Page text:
Three energy suppliers have been granted an extension of the temporary derogations from Ofgem’s price cap in relation to their renewable standard variable tariffs (SVTs).
That enables Good Energy, Ecotricity and Green Energy to charge consumers above the rates set by the default tariff cap for the SVTs limit set by the regulator – which comes into effect on 1st April 2019 – as a result of how the suppliers derive all of their power from renewable sources.
The regulator initially granted the temporary derogations in January this year and has now extended it until 1st September 2019 to further assess if green energy tariffs should be exempt from the price cap to prevent it from penalising suppliers that offer 100% renewable tariffs and having any negative impact on green investments.
Energy suppliers seeking the exemption must submit a derogation application, which is assessed by Ofgem.
The regulator previously said: “A key reason for not providing a blanket exemption for certain types of renewable tariffs is because they pose the risk of suppliers ‘gaming’ the exemption, for example by allocating renewable activities from across their portfolio to their SVT.
“Our decision to allow suppliers to apply for a derogation means suppliers may, on a case-by-case basis, be able to demonstrate that a particular SVT does support renewables, involves materially higher costs and that every customer on the tariff has made an active decision to do so. It would also be easy to monitor who has a derogation.”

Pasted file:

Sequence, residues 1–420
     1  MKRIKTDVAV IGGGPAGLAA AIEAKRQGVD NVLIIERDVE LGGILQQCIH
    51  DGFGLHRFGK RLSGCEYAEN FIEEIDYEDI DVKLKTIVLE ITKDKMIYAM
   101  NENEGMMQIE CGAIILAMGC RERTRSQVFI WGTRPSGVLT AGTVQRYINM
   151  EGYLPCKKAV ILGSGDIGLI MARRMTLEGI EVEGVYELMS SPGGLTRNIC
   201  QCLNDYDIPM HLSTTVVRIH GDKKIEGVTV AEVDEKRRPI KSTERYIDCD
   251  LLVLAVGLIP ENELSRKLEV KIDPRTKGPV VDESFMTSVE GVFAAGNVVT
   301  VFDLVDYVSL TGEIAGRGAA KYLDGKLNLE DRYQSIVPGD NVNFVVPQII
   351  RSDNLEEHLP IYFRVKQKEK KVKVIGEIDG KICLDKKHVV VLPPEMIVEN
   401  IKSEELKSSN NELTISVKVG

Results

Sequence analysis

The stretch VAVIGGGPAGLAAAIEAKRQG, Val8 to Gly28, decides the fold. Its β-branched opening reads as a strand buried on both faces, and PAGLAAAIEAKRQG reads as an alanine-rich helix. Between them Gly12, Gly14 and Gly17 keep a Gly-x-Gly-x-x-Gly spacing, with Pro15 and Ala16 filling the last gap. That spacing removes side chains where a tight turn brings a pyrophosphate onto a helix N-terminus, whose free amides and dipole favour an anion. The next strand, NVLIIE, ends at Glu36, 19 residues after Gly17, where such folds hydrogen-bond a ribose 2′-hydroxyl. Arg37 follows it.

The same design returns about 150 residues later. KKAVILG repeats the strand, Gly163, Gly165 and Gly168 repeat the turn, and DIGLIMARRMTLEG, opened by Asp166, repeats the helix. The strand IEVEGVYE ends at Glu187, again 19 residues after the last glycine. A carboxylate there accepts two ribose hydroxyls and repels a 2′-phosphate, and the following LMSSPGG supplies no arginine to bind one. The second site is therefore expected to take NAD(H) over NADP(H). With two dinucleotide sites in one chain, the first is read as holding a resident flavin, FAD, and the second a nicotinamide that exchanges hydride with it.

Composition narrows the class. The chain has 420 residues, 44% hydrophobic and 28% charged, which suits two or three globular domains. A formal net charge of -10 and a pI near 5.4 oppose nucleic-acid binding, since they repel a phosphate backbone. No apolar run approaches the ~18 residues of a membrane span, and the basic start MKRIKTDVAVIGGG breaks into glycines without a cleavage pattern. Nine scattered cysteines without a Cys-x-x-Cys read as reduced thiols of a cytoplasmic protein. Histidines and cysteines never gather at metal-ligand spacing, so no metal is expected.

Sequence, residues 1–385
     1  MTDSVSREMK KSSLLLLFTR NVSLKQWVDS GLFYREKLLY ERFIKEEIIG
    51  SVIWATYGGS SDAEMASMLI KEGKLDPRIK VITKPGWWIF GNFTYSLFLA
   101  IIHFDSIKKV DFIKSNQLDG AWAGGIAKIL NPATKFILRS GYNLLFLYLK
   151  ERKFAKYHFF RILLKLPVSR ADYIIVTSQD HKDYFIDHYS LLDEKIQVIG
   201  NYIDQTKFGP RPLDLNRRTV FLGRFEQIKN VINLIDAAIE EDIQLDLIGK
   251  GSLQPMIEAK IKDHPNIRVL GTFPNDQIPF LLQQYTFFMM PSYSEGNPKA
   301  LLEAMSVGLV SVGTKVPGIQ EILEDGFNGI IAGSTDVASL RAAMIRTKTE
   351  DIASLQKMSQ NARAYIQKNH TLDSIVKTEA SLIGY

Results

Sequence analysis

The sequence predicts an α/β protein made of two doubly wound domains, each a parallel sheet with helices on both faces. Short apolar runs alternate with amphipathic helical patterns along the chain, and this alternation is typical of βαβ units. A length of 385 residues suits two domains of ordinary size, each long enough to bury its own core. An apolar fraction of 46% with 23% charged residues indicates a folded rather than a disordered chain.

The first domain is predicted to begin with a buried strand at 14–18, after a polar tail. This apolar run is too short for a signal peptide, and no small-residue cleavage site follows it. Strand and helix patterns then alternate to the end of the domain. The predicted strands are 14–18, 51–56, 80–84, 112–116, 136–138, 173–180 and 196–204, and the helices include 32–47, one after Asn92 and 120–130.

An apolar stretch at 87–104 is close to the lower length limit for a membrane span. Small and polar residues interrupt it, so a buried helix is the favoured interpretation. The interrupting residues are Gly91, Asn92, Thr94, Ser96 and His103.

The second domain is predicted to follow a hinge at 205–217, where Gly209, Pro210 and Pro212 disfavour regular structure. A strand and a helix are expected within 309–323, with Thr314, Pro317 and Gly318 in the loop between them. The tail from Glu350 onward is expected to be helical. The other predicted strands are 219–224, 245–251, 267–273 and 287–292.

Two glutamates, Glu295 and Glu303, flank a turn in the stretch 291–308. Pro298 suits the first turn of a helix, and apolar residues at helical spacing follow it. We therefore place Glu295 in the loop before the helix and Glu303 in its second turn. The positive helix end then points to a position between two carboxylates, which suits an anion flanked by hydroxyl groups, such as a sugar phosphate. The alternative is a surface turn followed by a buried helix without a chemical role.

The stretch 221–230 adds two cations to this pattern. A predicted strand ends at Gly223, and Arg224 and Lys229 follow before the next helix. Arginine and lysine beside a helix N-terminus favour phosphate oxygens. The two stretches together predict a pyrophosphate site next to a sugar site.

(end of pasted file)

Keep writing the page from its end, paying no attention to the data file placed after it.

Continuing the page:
The suppliers have been issued the extended time-limited derogation to review the their request for an enduring derogation – Ofgem says further information needs to be submitted for a “thorough and comprehensive” evaluation.
Charles Hargreaves, Deputy Director for Enforcement added: “Further analysis will enable the Authority to make an informed and final decision on whether to grant an enduring derogation. This is important, as if we were to make a decision without completing further thorough and comprehensive evaluation, then we may grant a derogation where one is not necessarily appropriate. This could result in consumers not being protected by the default tariff cap where such protection should be in place.
“Conversely, if we were to not grant a derogation where one in appropriate, it could risk the licensee being unable to fully recover additional costs it may face from supporting renewables or it may unnecessarily require it to change its business model.”